- The Washington Times - Friday, June 12, 2009

It’s pretty clear that among the small compact cars the “boxy” look is the trend. The question is, which one are you? A Cube (Nissan)? A Wedge (Kia Soul)? Or a Box (Scion xB)?

The little boxes arrive just as consumer attitudes are flipping like flying trapezoids away from big, low-mileage vehicles. You remember sport utility vehicles, those once-trendy big guys? Truck sales peaked around 2005, but today represent less than half the total market with smaller crossover utility vehicles now overwhelming the big boys. Given that America has never really taken to small cars, we will have to wait and see whether the new bitty box is here to stay.

The Nissan, Scion and Kia stack up admirably against one another in key measurements. Company reputations are running neck and neck. Toyota (Scion) no longer gets all the accolades; Kia is increasingly being recognized for its style, value and dependability; and Nissan’s reputation continues to grow. Styling probably will be the decision that drives many consumers. Of course, back in the day when the Volkswagen Beetle crossed the pond, it stood alone. Today, shoppers will enter showrooms to look at the small box car, but may opt to buy something more traditional that is sitting right next to it.

Scion edges out the competition in power with a 2.4-liter four-cylinder engine that kicks out 158-horsepower and 162 lb.-ft. of torque; the base model Kia Soul has a 1.6-liter inline-4 that makes 122 horsepower and 115 lb.-ft. of torque but is available only with a five-speed manual transmission. The higher-end Soul models have 2.0-liter engines that put out 142 horsepower and 137 lb.-ft. of torque and offer a four-speed automatic. The Nissan Cube already offers a six-speed manual paired with a 1.8-liter 16-valve four-cylinder engine that delivers 122 horsepower and 127 lb.-ft. of torque. Two higher-end Cube models offer continuously variable transmissions.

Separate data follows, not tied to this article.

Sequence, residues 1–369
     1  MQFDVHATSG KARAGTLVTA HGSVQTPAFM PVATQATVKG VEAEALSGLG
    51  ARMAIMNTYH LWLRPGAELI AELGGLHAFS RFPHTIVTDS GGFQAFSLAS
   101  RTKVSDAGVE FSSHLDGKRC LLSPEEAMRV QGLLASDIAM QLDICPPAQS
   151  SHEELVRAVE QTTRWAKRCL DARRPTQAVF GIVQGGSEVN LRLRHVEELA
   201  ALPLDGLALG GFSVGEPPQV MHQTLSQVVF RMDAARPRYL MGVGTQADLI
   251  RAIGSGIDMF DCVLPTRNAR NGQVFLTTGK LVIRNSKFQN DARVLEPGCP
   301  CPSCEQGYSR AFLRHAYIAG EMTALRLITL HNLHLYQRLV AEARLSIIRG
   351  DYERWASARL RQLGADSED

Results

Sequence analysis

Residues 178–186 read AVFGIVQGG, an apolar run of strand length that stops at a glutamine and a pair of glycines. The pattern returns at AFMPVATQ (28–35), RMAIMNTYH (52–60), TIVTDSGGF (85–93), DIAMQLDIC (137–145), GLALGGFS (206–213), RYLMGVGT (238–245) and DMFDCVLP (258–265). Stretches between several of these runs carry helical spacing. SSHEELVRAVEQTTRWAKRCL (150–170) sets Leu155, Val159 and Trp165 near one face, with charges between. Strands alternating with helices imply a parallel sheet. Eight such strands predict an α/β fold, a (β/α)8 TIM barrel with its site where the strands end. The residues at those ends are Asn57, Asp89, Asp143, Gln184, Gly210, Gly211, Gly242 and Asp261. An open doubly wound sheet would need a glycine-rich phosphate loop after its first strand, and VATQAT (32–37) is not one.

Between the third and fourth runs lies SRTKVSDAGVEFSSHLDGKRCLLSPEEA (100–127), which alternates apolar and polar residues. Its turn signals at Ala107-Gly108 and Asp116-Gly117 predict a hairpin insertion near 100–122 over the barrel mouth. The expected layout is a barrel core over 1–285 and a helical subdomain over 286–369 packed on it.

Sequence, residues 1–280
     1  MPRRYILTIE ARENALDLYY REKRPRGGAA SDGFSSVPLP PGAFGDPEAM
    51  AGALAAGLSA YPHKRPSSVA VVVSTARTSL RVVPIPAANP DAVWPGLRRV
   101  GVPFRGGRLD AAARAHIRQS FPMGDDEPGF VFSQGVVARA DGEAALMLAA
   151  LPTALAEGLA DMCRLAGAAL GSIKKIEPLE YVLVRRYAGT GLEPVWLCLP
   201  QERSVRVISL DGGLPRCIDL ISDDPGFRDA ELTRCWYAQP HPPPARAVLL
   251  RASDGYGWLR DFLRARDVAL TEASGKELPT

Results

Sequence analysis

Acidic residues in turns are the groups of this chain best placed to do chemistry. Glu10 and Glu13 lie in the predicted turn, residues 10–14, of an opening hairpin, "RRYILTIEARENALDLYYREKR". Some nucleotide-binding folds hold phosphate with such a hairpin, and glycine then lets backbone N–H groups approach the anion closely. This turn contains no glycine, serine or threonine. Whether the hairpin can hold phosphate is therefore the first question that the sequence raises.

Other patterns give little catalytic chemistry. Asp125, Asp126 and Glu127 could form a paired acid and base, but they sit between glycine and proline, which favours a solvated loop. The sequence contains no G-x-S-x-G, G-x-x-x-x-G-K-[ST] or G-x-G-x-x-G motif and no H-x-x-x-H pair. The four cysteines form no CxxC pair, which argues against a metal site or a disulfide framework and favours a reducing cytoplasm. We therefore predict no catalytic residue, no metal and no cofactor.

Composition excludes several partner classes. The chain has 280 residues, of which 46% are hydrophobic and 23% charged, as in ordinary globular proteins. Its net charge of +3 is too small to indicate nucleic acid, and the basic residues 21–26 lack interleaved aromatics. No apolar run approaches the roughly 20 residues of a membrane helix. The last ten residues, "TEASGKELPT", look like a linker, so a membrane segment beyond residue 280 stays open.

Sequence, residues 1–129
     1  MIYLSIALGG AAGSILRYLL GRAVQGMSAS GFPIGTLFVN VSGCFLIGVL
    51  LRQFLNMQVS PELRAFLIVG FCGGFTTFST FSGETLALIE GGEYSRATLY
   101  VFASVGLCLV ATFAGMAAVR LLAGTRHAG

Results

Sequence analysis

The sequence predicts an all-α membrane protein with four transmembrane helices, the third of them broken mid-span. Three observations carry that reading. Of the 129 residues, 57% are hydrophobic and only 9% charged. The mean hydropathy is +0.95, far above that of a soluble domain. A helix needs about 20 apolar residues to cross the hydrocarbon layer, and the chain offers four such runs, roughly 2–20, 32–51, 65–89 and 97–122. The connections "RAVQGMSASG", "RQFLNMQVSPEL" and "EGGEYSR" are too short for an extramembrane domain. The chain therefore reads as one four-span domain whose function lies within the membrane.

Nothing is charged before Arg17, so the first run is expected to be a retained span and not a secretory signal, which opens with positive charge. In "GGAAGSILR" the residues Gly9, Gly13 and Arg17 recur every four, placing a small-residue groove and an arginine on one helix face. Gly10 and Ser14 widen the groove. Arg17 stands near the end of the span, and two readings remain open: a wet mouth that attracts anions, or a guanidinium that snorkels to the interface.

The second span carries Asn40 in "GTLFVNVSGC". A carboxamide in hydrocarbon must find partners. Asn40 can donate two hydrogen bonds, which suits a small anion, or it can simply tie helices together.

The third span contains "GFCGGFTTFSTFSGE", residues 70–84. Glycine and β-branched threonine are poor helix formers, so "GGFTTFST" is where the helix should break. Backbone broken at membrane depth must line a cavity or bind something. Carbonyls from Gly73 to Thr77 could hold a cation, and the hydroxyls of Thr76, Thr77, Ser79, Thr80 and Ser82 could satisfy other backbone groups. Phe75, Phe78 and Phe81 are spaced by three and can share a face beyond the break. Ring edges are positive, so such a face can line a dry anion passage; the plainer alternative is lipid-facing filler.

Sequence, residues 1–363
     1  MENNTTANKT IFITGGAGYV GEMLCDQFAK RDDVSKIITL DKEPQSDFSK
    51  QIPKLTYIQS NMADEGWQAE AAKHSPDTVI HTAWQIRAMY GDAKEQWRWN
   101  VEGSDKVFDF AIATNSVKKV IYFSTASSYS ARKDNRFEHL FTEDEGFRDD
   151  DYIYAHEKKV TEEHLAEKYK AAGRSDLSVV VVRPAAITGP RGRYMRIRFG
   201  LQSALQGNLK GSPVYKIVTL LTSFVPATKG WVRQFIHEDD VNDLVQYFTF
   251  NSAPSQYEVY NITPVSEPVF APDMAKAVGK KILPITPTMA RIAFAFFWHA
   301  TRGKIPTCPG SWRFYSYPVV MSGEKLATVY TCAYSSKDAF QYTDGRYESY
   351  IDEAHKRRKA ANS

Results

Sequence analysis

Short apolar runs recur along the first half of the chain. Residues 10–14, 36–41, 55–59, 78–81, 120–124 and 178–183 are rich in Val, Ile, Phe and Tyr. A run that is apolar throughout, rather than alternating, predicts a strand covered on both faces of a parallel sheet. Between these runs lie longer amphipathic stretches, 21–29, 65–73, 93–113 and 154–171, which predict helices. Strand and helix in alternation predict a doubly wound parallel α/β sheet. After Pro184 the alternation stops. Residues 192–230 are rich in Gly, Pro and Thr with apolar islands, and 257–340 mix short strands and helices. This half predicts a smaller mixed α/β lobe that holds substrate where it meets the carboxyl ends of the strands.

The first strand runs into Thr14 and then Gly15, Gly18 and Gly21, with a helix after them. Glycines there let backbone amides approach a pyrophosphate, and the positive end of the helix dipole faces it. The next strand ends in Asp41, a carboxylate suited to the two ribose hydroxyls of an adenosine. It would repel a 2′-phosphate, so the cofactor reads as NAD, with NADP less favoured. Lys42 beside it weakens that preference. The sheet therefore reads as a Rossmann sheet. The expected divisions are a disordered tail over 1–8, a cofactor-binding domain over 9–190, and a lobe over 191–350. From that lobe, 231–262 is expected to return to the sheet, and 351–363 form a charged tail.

Performance comes at a price. Scion is the heaviest of the three vehicles and gets 22 miles per gallon city and 28 mpg highway on both manual and automatic transmissions. The lighter Nissan Cube gives 24 mpg city and 29 mpg highway with a manual and 28/30 mpg with the CVT. The Kia Soul gets 24/30 mpg. With a box design, one can simply forget aerodynamics; not happening here.

All base models start about $13,000 and all have special models running past $17,000. Sales for the Kia Soul in its first full month of April were 3,228. The Cube just went on sale in May. Nissan reports total sales in that month of 1,745. Scion sales in April were only 2,036, about half the year-ago number. The jury is still out on which box will be the sales winner, but I think the Soul and Cube will do well.

Interior styling is designed to assure owners that they are of the moment. The reviews laud design features in both the Soul and Cube, though some have noted the Scion’s interior has a cheapness to it that takes away from the overall quality of vehicle.

These differences aside, driving these small cars, I took notice that the art and design crowd embraces the Cube, the Tuner crowd gravitates to the Scion, and the Kia Soul has wider appeal to more “just folks” consumers who like being noticed but not ogled. Me? I’d probably hop into the Cube. The visibility is great. You can see and be seen.

Copyright, Motor Matters, 2009


Copyright © 2018 The Washington Times, LLC. Click here for reprint permission.

The Washington Times Comment Policy

The Washington Times welcomes your comments on Spot.im, our third-party provider. Please read our Comment Policy before commenting.

 

Click to Read More and View Comments

Click to Hide